From that I knew that the pipe in my hands came from the period between 1971 and Preben Holm’s death in 1989. It bears the Ben Wade stamp which also says that it was made for the American pipe market under the direction of Herman Lane of Lane Ltd. Armed with that information I turned my attention to restoring the pipe. I started with the clean bowl, I rubbed the bowl down with Before & After Restoration Balm to deep clean the briar bowl and shank. The product works to clean, enliven and protect the briar. I hand rubbed it with my fingers, working it into the exterior of the pipe. I wiped it off and buffed it with a soft cloth to polish it. The pipe really began to have a rich shine. I took some photos of the bowl at this point to mark the progress in the restoration. I set the bowl aside and turned my attention to the stem. I sanded out the tooth chatter out of both sides of the stem with 220 grit sandpaper. I worked over the surface with sandpaper to remove the tooth chatter and the oxidation.I polished the vulcanite stem with micromesh sanding pads – wet sanding with 1500-2400 grit pads and dry sanding with 3200-12000 grit pads. I wiped the stem down after each pad with Obsidian Oil to protect and polish the stem. When I finished with the last pad I gave it a final coat of oil and set aside to dry. I polished stem and bowl with Blue Diamond to polish out the remaining small scratches. I gave the bowl and the stem multiple coats of carnauba wax and buffed the pipe with a clean buffing pad to raise the shine. I hand buffed it with a microfiber cloth to deepen the shine. The pipe polished up pretty nicely. The plateau on the rim top and shank end and the smooth black and brown contrast finish work very well with the black vulcante stem. The finished pipe is shown in the photos below. I have worked on quite a few Ben Wade pipes over the years and several of them have been Golden Walnut pipes. Preben Holm was an amazing innovator in terms of shapes, flow and finishes on his pipes. The dimensions are Length: 6 1/2 inches, Height: 2 1/2 inches, Outside diameter of the bowl: 2 inches wide and 2 1/4 inches long, Chamber diameter: 7/8 inches. This one is already sold to a fellow in Kentucky who collects Ben Wade pipes. I am looking forward to hearing from him once he receives it. It is a beauty! Thanks for walking through the restoration with me as I worked over this Ben Wade Golden Danish Freehand. I have other Freehands that I will be working on in a variety of shapes and sizes in upcoming blogs.  


Restemming, Repairing and Reconditioning a Ben Wade Golden Walnut Freehand

Blog by Steve Laug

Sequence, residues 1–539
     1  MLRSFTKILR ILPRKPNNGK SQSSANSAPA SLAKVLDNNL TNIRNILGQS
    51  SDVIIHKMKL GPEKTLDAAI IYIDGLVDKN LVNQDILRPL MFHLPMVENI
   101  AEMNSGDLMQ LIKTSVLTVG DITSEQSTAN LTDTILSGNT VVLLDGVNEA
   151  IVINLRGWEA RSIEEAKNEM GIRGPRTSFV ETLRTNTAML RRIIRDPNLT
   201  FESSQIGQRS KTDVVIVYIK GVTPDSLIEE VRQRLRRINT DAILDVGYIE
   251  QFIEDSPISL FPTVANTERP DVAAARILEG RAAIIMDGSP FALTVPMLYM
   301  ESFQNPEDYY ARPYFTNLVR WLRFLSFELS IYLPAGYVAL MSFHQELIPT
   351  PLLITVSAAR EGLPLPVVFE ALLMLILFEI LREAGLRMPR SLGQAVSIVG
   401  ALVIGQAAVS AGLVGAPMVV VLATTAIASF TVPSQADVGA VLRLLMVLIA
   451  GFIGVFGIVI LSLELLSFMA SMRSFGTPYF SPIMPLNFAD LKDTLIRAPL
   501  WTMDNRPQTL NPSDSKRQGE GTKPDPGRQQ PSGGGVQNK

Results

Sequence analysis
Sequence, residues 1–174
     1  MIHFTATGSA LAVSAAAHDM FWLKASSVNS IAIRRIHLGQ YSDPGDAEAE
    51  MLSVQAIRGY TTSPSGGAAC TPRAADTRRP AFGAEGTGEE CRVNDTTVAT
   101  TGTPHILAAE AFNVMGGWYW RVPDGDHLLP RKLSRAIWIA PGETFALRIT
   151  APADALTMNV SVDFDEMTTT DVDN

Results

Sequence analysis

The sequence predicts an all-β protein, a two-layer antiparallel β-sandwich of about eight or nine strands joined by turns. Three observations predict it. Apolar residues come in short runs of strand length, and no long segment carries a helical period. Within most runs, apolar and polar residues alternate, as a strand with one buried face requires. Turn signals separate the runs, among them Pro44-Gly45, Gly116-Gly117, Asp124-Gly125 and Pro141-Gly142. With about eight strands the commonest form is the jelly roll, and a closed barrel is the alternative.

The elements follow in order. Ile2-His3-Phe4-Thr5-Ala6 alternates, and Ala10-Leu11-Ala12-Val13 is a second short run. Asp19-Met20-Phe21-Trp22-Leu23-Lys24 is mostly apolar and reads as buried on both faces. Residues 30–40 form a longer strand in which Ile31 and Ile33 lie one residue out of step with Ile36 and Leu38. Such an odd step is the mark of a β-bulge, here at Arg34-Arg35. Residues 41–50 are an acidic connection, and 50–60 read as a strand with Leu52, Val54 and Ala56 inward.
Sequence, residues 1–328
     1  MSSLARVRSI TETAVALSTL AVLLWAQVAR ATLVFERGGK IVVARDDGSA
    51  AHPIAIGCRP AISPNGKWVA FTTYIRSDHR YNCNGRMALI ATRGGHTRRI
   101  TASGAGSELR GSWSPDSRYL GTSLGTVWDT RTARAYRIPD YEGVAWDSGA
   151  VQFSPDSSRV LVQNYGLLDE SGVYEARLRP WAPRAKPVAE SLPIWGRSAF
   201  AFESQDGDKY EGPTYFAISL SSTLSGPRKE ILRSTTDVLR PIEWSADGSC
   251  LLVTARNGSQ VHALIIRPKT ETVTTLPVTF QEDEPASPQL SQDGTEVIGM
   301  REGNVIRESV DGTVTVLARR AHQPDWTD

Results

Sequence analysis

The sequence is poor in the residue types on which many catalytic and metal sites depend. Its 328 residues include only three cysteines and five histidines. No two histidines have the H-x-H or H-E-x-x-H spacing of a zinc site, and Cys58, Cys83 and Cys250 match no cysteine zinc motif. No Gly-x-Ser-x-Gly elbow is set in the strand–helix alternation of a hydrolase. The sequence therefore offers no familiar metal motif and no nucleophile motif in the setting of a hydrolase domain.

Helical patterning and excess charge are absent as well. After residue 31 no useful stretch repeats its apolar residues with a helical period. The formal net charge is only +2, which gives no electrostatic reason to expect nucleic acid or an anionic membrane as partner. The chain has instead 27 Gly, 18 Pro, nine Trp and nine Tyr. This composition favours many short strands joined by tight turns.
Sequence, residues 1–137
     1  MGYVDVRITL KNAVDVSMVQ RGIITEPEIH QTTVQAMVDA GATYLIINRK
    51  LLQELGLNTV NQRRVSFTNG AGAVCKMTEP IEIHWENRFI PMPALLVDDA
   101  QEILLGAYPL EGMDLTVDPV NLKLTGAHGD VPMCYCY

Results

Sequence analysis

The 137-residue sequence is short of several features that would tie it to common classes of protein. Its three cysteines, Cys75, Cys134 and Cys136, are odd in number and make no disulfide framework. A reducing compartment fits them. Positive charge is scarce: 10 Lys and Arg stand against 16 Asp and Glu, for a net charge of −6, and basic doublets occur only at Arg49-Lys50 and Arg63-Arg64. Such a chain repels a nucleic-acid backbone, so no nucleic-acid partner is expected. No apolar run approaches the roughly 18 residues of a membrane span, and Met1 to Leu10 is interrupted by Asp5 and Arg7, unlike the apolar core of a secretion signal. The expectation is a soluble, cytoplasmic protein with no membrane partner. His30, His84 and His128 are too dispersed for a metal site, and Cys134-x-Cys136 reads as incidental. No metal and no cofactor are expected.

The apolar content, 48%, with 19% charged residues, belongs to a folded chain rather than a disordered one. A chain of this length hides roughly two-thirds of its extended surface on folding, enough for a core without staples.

When Mark sent me his uncle’s seven pipes to restore, he also sent several of his own pipes to be restored. The first pipe was the Italian made acorn with a sea rock style finish that I worked on earlier (https://rebornpipes.com/2018/01/20/breathing-new-life-into-an-italian-made-%c2%bc-bent-acorn/). The second pipe was a very nice looking Ben Wade Golden Walnut Freehand. It had some great grain on the sides, front and back. It had a flat area on the bottom of the bowl and could stand up without the stem. The shank end and the top of the rim had areas of plateau that were stained darker than the rest of the pipe. It is stamped on the underside of the shank Ben Wade over Golden Walnut. Underneath that it is stamped Hand Made in Denmark. The briar was dirty and there was grime into the grooves and crevices on the plateau top and end of the shank. There was grime and oils ground into the sides of the bowl and shank. The original stem with the broken tenon came in the bag that he sent the pipe in. It had snapped off cleanly at the flare in the stem. The stem itself was oxidized and had tooth chatter and marks on the top and underside near the button. There were scratches around the golden crown on the top of the stem. The crown was faded and worn. I decided I was going to try to put a new tenon on the original stem so I dropped it in the Before & After Deoxidizer bath to soak. I figured it would be easier to work on cleaned up. I added it to the photo after I took the photo below but it sat with the rest of the stems from the uncle’s pipes in the soak over night.While the original stem soaked I worked on an acrylic stem that Mark had chosen. I had sent him a photo of several options and he liked the brown and cream swirled acrylic. I used the PIMO tenon turner to reduce the diameter of the tenon to fit in the shank. It did not take too much to remove the excess material. The photos below show the stem on the tenon turner and the finished stem after turning.I took the stem out of the bath and rinsed it under warm water and rubbed it down with a coarse cloth to remove the oxidation. I took a photo of the two stems and the bowl to get a send of how the stem would look.I inserted a pipe cleaner in the airway and used a heat gun to soften the stem enough that I could bend it. I bent it at the same angle as the original stem. I cooled it with running water to set the bend in the stem. The photos below show the process and the final bent stem. I took some photos of the pipe with the new stem in place. The colour and the shape look good with Ben Wade. With the new stem fitted it was time to work on the cleanup of the briar. I worked on the insides of the bowl and shank to remove the tars and oils. I scraped out the inside of the mortise with a pen knife to remove the buildup in that area. I cleaned out the mortise and the airway in the shank with alcohol, pipe cleaners and cotton swabs.I scrubbed the exterior of the bowl and rim with a tooth brush and Murphy’s Oil Soap to remove the buildup of grime and oils in the briar and in the plateau areas of the shank and rim top. I rinsed it off the pipe under running water and scrubbed it under the water flow. I dried it off with a cotton cloth and buffed it lightly to raise a shine. I sanded the buildup on the inner edge of the rim on the back of the bowl with 1500-2400 grit micromesh sanding pads to remove the tars that remained in those areas. I polished the rim top with 3200-6000 grit pads.I worked some Before & After Restoration Balm into the surface of the briar with my finger tips to deep clean the finish, enliven and protect the wood. I worked the balm into the plateau on the rim top and the end of the shank to polish the cleaned up area. I buffed the pipe with a horsehair shoe shine brush to get it into the grooves of the plateau. I let it sit for a few minutes and then buffed it with a cotton cloth. The grain in the wood came alive and there was a rich shine to the briar. I took some photos of the bowl at this point to mark the progress in the restoration. Ah now I was making progress. I had finished the acrylic stem and the cleaning and polishing of the bowl. It was time to address the original stem and see if I could put a new tenon on the freehand stem. I used the topping board to flatten the broken end of the stem using 220 grit sandpaper. I set up my cordless drill, put in a bit that was slightly larger than the airway in the stem. I slowly drilled the airway larger. I slowly moved up to larger bits to make the opening the same size as the threaded end of the new Delrin tenon.I used a needle file to clean up the opening in the end of the stem and even out the sides so that when the new tenon was in place it would align all the way around. I used the Dremel and sanding drum to take down the threads on the end of the new tenon to fit right in the hole. I did not want to drill it further and affect the structure of the stem. Once the threads were smoothed out slightly, it fit in nicely. I had to be careful in drilling the stem to not go to deep and drill through the top or underside of the stem. I also reduced the diameter of the rest of the tenon with the Dremel and sanding drum to fit in the mortise of the pipe.I pushed the tenon into the shank and smoothed out the transition between it and the rest of the stem with 220 grit sandpaper. Once I had it smooth I glued the tenon in the stem with super glue.I inserted the tenon into the stem a little less than previously to match the length of the original tenon. I mixed a batch of charcoal powder and super glue to fill in the gap between the new tenon and the stem.When the repair had cured I used a rasp and file to smooth out the repair to the connection. I sanded the repaired area with 180 and 220 grit sandpaper and was able to make the transition taper correctly. It would take more sanding but you can see the progress in the next photos. I worked over the stem with micromesh sanding pads. I polished out the sanding scratches and marks in the vulcanite and the rebuilt tenon area – wet sanding it with 1500-2400 grit pads and wiping it down with Obsidian Oil. After the 2400 grit pad I applied some Rub’n Buff Antique Gold gold to the crown stamp on the top of the stem. I rubbed it on and off leaving the gold in the stamping. I dry sanded the stem with 3200-12000 grit pads and wiped it down with Obsidian Oil after each pad. When I finished with the 12000 grit pad I gave it a final coat of oil and let it dry. Once it had dried, I polished it with Before & After Pipe Stem Polish Fine and Extra Fine. I rubbed it down with final coat Obsidian Oil and took the following pictures. Since I had polished the bowl and the acrylic stem I decided to put it all together. I took photos of the finished pipe with the acrylic stem. The golds, browns and cream coloured swirls work well with the grain on the briar. The old Ben Wade Hand Made Golden Walnut looks good with a different kind of stem. It will give Mark an option to have both an acrylic and the original stem to choose from – almost like having two different pipes. Here are the photos of the pipe with the acrylic stem. I finished the repairs on the original stem, repaired and polished it. I put it back on the pipe and buffed the entire pipe again with Blue Diamond polish on the buffing wheel. I gave the entire pipe several coats of carnauba wax and buffed it with a clean buffing pad to raise the shine. I hand buffed it with a microfibre cloth to raise the shine. The new stem and the original stem looked good to me and the bend was just right. The bowl polished up pretty nicely. The finished pipe is shown with the original stem in the photos below. I will be adding to Mark’s package along with his uncle’s pipes when I have finished all of them and send it to him shortly. Thanks for looking.